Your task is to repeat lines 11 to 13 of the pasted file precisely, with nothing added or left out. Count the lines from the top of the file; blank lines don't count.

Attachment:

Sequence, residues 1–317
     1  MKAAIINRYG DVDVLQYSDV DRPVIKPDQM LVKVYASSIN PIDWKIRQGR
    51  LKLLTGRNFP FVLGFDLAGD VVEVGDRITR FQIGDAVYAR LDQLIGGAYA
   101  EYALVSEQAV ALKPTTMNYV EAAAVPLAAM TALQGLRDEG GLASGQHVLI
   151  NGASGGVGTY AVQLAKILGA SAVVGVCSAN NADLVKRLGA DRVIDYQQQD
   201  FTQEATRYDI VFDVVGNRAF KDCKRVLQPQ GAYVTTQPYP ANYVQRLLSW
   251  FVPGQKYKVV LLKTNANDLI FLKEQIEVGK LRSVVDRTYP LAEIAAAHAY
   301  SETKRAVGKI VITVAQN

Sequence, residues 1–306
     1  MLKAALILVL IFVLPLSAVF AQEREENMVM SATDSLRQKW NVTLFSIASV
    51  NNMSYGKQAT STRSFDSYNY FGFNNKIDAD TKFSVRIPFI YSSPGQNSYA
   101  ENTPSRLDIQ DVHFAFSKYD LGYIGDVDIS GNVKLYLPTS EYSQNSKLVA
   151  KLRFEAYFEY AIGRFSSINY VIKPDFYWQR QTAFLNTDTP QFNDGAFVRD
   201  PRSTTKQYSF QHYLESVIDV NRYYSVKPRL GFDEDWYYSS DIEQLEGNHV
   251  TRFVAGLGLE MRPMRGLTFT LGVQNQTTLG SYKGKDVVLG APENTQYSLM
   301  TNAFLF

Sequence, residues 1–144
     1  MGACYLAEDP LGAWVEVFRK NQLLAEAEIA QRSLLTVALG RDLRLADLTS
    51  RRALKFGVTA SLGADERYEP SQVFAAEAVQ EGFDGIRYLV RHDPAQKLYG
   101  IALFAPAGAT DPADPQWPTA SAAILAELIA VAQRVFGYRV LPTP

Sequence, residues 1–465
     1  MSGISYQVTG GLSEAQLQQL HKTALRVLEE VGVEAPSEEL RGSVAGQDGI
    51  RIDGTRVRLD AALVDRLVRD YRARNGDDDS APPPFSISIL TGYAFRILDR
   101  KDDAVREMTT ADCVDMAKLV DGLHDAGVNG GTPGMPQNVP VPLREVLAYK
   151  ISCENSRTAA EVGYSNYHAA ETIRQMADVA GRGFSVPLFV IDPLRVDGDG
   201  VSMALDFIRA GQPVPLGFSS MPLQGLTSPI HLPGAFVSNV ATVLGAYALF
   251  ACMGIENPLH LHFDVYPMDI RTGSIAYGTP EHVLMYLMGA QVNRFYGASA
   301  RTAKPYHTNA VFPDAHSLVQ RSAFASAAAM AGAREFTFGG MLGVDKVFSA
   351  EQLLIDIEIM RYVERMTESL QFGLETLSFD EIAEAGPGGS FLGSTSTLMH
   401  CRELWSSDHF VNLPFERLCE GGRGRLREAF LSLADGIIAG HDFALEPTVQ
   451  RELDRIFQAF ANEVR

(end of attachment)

    51  NNMSYGKQAT STRSFDSYNY FGFNNKIDAD TKFSVRIPFI YSSPGQNSYA
   101  ENTPSRLDIQ DVHFAFSKYD LGYIGDVDIS GNVKLYLPTS EYSQNSKLVA
   151  KLRFEAYFEY AIGRFSSINY VIKPDFYWQR QTAFLNTDTP QFNDGAFVRD